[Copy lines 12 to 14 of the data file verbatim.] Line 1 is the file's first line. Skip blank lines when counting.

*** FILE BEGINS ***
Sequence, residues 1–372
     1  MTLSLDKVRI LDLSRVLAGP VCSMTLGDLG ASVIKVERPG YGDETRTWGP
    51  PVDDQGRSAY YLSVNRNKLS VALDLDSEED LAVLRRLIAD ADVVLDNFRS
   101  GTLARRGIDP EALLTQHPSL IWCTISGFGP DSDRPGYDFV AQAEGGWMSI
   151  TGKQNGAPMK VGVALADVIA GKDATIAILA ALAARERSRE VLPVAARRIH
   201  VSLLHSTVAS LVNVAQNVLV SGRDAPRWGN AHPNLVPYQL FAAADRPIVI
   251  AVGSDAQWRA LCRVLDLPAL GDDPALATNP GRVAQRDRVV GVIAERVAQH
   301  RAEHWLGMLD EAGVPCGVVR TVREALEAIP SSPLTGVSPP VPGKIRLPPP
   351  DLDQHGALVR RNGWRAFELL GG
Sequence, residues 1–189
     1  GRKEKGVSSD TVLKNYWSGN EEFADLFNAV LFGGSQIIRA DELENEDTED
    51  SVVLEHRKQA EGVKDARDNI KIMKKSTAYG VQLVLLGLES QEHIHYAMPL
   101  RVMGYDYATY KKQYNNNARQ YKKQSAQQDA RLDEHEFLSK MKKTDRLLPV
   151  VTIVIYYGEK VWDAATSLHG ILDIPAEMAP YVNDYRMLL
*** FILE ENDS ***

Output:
    51  SVVLEHRKQA EGVKDARDNI KIMKKSTAYG VQLVLLGLES QEHIHYAMPL
   101  RVMGYDYATY KKQYNNNARQ YKKQSAQQDA RLDEHEFLSK MKKTDRLLPV
   151  VTIVIYYGEK VWDAATSLHG ILDIPAEMAP YVNDYRMLL